Background

The National Audit Office audited whether the investments made in water management have helped achieve the required quality of waste water treatment and drinking water in the public water supply and sewerage systems, whether the water management infrastructure is sustainable and whether the investments have helped improve the condition of the bodies of water.
There are more than 900 domestic waste water treatment plants in Estonia. 1105 water supply systems were under state supervision. 80% of the population were connected to the sewerage system and 90% to the public water supply system. In Estonia, there are 59 large (pollution load over 2000 population equivalents) and 455 small (pollution load under 2000 population equivalents) waste water collection areas where water must be collected and treated. Waste water collection areas have been formed in densely populated areas and they cover 1.6% of the territory of Estonia. All waste water treatment plants in large waste water collection areas were supposed to be treating waste water according to requirements by the end of 2010. All large water supply systems (over 2000 people) were expected to comply with the drinking water quality parameters by the end of 2008.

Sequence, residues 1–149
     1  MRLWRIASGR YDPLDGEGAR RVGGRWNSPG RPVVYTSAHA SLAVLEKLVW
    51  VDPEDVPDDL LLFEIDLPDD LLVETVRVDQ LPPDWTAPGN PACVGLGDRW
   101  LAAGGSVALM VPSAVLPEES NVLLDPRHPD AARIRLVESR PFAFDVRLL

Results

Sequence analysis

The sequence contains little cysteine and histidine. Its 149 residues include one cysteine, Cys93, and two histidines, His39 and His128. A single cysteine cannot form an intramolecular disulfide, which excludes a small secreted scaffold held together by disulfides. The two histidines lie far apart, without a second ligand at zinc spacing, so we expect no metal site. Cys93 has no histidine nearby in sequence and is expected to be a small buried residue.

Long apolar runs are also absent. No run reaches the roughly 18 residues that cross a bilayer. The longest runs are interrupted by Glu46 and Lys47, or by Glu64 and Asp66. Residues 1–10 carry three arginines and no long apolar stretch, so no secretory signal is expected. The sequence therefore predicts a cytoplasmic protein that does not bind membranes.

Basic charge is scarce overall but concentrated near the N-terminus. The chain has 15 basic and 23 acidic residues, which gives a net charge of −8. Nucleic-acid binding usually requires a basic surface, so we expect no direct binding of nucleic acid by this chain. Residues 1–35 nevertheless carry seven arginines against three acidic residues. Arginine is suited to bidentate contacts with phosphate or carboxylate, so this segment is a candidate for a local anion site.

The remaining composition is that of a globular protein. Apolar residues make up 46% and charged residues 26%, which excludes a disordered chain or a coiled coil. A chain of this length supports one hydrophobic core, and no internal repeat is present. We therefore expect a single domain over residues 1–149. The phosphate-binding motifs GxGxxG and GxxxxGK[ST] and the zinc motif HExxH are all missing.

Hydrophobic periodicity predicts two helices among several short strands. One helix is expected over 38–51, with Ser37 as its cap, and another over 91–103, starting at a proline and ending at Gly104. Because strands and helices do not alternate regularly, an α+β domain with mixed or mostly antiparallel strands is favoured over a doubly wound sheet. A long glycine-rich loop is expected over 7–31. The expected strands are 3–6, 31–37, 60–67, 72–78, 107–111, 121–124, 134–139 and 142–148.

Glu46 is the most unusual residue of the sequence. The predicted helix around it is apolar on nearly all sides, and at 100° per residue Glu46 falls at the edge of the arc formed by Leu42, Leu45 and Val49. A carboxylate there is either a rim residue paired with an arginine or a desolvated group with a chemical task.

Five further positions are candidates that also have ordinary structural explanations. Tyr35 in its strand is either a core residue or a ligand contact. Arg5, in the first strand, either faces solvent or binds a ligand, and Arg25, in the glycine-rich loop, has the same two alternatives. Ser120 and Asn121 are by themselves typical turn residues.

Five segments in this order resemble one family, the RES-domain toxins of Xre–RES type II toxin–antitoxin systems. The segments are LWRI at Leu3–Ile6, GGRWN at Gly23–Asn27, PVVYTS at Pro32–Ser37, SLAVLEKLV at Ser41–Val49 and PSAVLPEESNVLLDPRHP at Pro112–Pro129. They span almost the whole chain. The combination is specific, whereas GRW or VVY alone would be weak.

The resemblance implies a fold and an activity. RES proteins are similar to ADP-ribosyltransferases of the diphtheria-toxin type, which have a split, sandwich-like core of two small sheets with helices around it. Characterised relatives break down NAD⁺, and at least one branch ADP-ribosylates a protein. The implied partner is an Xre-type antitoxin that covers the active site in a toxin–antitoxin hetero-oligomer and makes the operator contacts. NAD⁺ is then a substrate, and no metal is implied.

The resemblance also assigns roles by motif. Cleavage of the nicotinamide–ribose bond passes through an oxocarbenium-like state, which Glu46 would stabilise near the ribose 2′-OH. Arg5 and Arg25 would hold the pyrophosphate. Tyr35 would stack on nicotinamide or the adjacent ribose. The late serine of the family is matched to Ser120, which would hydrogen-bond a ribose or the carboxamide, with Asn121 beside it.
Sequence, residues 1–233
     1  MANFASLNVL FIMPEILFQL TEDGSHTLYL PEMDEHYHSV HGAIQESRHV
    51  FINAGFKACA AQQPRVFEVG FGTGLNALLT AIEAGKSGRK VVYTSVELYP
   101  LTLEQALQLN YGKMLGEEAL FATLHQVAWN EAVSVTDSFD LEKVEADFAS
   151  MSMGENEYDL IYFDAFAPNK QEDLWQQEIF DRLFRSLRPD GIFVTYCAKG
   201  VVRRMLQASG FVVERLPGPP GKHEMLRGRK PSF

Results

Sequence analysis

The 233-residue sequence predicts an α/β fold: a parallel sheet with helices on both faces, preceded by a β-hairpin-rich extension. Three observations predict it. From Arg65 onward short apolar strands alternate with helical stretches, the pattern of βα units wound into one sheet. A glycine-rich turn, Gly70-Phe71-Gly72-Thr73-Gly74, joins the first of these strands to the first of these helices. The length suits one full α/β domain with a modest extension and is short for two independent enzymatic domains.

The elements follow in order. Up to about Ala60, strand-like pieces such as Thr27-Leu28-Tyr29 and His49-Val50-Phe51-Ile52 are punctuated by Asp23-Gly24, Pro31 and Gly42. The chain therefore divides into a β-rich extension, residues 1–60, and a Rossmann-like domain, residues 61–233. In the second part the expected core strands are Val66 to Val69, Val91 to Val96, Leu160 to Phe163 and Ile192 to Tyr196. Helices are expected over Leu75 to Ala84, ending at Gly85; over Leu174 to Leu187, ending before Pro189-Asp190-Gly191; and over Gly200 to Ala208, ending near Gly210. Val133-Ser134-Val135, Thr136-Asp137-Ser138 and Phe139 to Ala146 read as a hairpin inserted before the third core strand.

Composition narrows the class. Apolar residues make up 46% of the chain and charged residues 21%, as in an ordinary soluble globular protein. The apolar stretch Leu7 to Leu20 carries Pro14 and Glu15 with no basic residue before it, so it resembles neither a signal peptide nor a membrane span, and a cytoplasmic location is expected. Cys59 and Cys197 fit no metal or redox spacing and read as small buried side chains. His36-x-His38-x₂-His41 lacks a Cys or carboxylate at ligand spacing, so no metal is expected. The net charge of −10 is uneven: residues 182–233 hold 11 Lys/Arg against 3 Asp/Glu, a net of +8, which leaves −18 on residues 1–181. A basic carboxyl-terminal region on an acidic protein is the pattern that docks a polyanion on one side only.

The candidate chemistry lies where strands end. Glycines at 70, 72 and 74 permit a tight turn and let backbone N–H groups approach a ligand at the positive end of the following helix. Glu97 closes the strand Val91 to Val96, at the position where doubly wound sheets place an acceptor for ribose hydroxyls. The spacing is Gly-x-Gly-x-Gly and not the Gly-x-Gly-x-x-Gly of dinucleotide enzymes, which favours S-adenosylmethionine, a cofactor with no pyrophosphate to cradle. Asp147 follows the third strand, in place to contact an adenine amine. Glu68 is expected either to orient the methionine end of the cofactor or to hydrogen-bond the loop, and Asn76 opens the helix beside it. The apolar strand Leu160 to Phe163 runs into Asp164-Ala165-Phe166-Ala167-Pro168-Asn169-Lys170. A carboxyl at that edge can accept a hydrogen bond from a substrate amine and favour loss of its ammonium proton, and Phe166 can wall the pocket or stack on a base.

Ca. one billion euros has been invested in the water infrastructure of Estonia since 2000. 466 million euros received from the EU Structural Funds was invested in water infrastructure during the European Union (EU) 2007-2013 funding period – this is five times more than invested in waste management and 24 times more than invested in nature conservation.

Toomas Mattson
Head of Communication Service, National Audit Office
+372 640 0777
+372 513 4900
toomas.mattson@riigikontroll.ee
press@riigikontroll.ee
www.riigikontroll.ee
www.facebook.com/riigikontroll
www.twitter.com/riigikontroll

  • Posted: 1/15/2014 11:00 AM
  • Last Update: 8/16/2015 12:10 AM
  • Last Review: 8/16/2015 12:10 AM

*

Additional Materials

Documents

More News